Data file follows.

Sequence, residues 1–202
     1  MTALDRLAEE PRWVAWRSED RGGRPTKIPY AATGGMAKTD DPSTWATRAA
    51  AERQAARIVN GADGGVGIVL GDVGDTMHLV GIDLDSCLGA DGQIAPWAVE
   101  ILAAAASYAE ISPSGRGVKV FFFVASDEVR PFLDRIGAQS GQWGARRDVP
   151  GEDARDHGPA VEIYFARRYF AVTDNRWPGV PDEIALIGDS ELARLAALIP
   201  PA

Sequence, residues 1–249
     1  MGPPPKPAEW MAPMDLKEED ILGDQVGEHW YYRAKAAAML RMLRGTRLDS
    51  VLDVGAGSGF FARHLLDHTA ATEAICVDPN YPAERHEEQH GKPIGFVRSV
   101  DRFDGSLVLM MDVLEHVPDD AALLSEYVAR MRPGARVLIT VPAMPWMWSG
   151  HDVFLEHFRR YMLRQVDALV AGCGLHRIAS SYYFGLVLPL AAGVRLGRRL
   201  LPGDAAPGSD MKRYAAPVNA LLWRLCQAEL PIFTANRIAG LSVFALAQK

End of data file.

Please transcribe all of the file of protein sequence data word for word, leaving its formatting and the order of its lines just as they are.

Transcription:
Sequence, residues 1–202
     1  MTALDRLAEE PRWVAWRSED RGGRPTKIPY AATGGMAKTD DPSTWATRAA
    51  AERQAARIVN GADGGVGIVL GDVGDTMHLV GIDLDSCLGA DGQIAPWAVE
   101  ILAAAASYAE ISPSGRGVKV FFFVASDEVR PFLDRIGAQS GQWGARRDVP
   151  GEDARDHGPA VEIYFARRYF AVTDNRWPGV PDEIALIGDS ELARLAALIP
   201  PA

Sequence, residues 1–249
     1  MGPPPKPAEW MAPMDLKEED ILGDQVGEHW YYRAKAAAML RMLRGTRLDS
    51  VLDVGAGSGF FARHLLDHTA ATEAICVDPN YPAERHEEQH GKPIGFVRSV
   101  DRFDGSLVLM MDVLEHVPDD AALLSEYVAR MRPGARVLIT VPAMPWMWSG
   151  HDVFLEHFRR YMLRQVDALV AGCGLHRIAS SYYFGLVLPL AAGVRLGRRL
   201  LPGDAAPGSD MKRYAAPVNA LLWRLCQAEL PIFTANRIAG LSVFALAQK